His kind of trash-minded mentality and total ignorance makes him an unquestionable symbol for the reason why BIG media has lost touch with reality — not to mention market share.

    Gasparino the manikin is dependent on a staff of air headed monkey’s that are overpaid to hunt down words to implant into his puppet-headed mouth — in hopes that retarded people in couch potato land will suffer through an exercise in mindless atrophication!

    Hope the little idiot takes time to read this but I assume he is a (fill in the slang term here) and would not dare defend himself here and then actually discuss the leverage problems that Lehman has and the reason why CDS is linked to skyrocketing AR debts!

  11. Anonymous

    Re: “he said, with evident distaste, “that one of the bloggers someone called “Yves” ( as if to emphasize the non-mainstream nature of the name.”

    It’s sub-species like this that give animals bad names, like pigs. This pig is a whining windbag that is quickly running out of political oxygen!

    Does anyone think he has a chance to survive in The Obama Era?

  12. Anonymous

    I’m still curious about LEHs AR problems:

    Re: Previous post:

    Bear Stearns Changes in Accounts Receivables exploded 3 fold from 2005 to 2006, then from 2005 to 2007, we see a nice jump from (552,783) up to (17,136,000)

    By contrast, LEH, between 2005 to 2006 had receivables double, while between 2005 and 2007, we see a bump from (3,700,000) to (16,411,000).

    They look like twins!!!!

  13. Lilguy

    Please keep up your excellent work and don’t be put off by so-called journalists such as Gasparino.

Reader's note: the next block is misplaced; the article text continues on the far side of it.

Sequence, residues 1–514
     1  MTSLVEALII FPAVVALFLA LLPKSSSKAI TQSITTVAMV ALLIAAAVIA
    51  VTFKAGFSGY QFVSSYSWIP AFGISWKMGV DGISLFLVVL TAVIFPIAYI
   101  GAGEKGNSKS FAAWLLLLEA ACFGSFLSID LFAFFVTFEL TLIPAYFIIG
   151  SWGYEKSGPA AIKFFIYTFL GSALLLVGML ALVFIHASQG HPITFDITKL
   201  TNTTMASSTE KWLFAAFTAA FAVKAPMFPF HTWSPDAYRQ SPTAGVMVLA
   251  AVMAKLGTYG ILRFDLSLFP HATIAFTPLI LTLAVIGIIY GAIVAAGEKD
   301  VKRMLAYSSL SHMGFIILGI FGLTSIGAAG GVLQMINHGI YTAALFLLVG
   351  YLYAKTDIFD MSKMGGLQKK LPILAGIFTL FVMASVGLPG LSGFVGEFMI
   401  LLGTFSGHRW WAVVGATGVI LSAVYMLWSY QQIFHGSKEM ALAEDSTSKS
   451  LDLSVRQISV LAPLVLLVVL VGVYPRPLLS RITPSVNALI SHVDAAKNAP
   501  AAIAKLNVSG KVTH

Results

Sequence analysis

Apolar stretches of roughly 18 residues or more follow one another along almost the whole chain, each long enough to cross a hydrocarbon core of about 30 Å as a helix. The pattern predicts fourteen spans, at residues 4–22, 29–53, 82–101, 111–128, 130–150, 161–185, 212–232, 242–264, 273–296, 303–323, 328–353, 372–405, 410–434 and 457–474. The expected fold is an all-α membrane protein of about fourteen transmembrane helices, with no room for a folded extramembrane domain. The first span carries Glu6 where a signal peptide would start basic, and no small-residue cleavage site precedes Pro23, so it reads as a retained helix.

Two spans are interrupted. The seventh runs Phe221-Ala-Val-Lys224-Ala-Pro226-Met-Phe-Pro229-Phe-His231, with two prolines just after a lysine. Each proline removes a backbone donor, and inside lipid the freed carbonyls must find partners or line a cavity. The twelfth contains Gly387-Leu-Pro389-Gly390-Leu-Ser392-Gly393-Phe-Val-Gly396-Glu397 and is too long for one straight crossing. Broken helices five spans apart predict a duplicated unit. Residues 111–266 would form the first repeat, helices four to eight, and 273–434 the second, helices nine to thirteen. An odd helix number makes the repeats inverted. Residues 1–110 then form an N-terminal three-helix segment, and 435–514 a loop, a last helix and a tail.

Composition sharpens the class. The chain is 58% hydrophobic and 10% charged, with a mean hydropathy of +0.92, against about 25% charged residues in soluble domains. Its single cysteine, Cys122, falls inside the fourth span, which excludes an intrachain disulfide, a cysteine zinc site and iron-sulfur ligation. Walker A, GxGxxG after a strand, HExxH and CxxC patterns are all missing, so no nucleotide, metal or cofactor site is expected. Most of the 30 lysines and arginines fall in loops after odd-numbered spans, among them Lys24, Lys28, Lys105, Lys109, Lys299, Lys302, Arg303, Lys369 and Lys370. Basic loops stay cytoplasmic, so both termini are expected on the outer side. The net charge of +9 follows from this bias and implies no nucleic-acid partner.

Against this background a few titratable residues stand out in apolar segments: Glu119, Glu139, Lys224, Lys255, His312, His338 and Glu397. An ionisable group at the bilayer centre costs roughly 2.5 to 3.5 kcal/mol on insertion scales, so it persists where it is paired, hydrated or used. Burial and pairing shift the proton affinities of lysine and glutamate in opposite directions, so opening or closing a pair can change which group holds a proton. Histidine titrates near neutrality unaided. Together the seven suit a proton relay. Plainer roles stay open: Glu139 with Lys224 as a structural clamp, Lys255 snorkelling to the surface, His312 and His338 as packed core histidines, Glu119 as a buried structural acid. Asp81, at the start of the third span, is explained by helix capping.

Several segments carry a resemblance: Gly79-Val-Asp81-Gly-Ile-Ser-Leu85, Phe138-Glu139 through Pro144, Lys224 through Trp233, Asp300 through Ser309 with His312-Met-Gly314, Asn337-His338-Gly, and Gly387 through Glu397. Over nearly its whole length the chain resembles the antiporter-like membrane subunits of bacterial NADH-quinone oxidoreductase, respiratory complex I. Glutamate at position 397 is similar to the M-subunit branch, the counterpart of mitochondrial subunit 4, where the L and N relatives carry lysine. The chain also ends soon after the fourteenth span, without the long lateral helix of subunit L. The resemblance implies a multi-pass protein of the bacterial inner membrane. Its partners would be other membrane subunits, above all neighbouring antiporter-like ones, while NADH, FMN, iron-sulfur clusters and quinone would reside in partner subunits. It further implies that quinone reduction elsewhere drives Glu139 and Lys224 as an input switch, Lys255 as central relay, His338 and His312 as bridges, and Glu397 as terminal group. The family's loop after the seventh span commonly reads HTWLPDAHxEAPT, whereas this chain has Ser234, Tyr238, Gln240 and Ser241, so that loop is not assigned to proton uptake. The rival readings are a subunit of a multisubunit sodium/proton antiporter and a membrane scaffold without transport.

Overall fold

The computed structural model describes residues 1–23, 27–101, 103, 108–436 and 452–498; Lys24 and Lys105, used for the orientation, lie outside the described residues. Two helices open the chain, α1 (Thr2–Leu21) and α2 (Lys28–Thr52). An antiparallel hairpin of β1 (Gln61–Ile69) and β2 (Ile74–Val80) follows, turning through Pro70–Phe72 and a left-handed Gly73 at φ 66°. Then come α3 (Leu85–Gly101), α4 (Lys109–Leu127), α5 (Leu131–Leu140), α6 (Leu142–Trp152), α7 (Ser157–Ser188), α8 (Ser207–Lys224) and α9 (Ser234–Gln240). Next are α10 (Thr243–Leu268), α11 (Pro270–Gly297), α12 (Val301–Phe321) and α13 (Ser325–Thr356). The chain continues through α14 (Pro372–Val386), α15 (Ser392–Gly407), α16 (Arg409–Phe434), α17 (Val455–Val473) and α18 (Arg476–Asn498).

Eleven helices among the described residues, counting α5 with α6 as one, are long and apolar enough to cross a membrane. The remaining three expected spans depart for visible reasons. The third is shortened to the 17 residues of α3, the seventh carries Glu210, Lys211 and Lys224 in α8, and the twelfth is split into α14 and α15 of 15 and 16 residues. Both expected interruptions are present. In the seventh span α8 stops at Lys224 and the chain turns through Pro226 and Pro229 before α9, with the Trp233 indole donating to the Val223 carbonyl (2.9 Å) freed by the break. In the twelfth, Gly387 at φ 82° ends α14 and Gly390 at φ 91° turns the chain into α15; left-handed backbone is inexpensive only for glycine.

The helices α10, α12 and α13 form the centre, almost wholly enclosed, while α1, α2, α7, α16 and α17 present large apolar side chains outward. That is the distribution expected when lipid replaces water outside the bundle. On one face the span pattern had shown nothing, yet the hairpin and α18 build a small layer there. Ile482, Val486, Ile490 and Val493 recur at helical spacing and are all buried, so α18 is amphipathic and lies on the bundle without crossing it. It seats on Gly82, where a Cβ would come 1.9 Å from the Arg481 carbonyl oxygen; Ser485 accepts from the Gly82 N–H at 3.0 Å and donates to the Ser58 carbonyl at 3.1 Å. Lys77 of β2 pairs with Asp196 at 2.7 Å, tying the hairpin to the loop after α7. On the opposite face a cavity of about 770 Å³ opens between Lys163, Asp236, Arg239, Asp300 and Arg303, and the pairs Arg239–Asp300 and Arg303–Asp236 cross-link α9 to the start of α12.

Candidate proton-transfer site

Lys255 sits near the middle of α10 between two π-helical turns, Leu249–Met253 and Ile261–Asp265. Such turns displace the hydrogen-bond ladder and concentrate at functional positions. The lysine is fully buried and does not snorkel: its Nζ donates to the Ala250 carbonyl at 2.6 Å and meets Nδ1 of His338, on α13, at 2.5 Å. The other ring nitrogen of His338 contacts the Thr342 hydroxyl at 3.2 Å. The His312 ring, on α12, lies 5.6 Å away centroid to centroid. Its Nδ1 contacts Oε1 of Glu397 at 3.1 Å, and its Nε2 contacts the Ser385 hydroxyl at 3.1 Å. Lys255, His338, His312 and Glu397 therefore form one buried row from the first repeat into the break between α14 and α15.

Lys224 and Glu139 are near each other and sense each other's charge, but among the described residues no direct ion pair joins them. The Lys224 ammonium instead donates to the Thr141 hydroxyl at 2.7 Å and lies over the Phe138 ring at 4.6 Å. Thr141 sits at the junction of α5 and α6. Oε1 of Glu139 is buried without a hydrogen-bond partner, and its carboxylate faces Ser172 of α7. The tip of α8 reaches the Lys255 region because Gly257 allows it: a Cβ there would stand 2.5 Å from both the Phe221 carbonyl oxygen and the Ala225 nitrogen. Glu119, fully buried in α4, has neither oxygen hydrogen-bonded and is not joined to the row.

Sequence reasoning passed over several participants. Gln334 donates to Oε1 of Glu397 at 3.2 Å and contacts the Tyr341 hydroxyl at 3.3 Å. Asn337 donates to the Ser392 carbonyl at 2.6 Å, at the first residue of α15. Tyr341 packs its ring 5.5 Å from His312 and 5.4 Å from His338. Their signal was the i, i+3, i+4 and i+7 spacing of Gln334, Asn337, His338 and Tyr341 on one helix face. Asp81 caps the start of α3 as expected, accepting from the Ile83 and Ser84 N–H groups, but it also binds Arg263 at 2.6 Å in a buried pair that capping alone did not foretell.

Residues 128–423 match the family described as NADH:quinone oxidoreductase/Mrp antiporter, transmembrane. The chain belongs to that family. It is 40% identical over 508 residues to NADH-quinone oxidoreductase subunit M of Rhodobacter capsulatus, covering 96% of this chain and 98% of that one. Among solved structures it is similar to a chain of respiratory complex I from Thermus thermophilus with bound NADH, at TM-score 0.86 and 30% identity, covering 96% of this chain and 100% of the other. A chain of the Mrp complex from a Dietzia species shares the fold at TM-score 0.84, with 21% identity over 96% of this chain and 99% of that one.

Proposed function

I have found blogs, such as yours, to be an excellent source of new information (call it “reporting”) and insight (call it “analysis”) although it often comes with a systematic bias (call it “commentary”). In fact, the wide range of info, insight, and views on financial blogs such as yours is a pleasant and stimulating relief from the trite reporting of CNBC. (I far prefer Bloomberg News Network.)

    Among financial bloggers, you are literally at the top of my list (even above Barry Ritholtz). Keep up the excellent work. We all need your contributions to help us understand what is going on in the world’s economy and markets.

  14. Anonymous

    Off topic but on topic, referring to the earlier post referencing the “don’t let the bastards get you down” comment.
    Illegitimi non carborundum
    From Wikipedia, the free encyclopedia
    Jump to: navigation, search
    Illegitimi non carborundum is a mock-Latin aphorism jokingly taken to mean “don’t let the bastards grind you down”. There are many variants of the phrase, such as

    Nil illegitimi carborundum.
    Non illegitimis carborundum.
    Illegitimi nil carborundum.
    Non illegitimi carborundum.
    Nil bastardo carborundum.
    Nolite te bastardes carborundorum.
    Illegitimis non carborundum.
    Illegitimus non carborundum est.
    Nil illegitimo in desperandum carborundum
    None of the above is correct Latin. Carborundum is not a Latin word but the name of a mineral which is extremely hard and used for grinding. (see silicon carbide article). The ending -undum suggests either a Latin gerund or gerundive form—and the idea of obligation (“Don’t let …”) is more suggestive of the gerundive—but the word is actually a portmanteau of “carbon” (from Latin), and “corundum” (from Tamil kurundam).

    Illegitimi suggests illegitimate to the English speaker, or bastardo likewise, but the Latin for bastard is actually nothus (from the Greek word notho (νόθο) meaning not-pure, and used when referring to a bastard whose father is known) or spurius (for a bastard whose father is unknown). The forms with nil may be formed partly on the pattern of the genuine Latin phrase Nil desperandum.

    The phrase originated during World War II. Lexicographer Eric Partridge attributes it to British army intelligence very early in the war (in the plural illegitimis). The phrase was adopted by US Army general “Vinegar” Joe Stillwell as his motto during the war.[1] It was later further popularized in the US by 1964 presidential candidate Barry Goldwater.[2] The United States submarine USS Tunny (SSN-682) uses it as the ship motto. The weekly Alaskan newspaper ‘The Nome Nugget’ uses it as a motto, as does the Whitehorse Daily Star, in the capital of the Yukon Territory.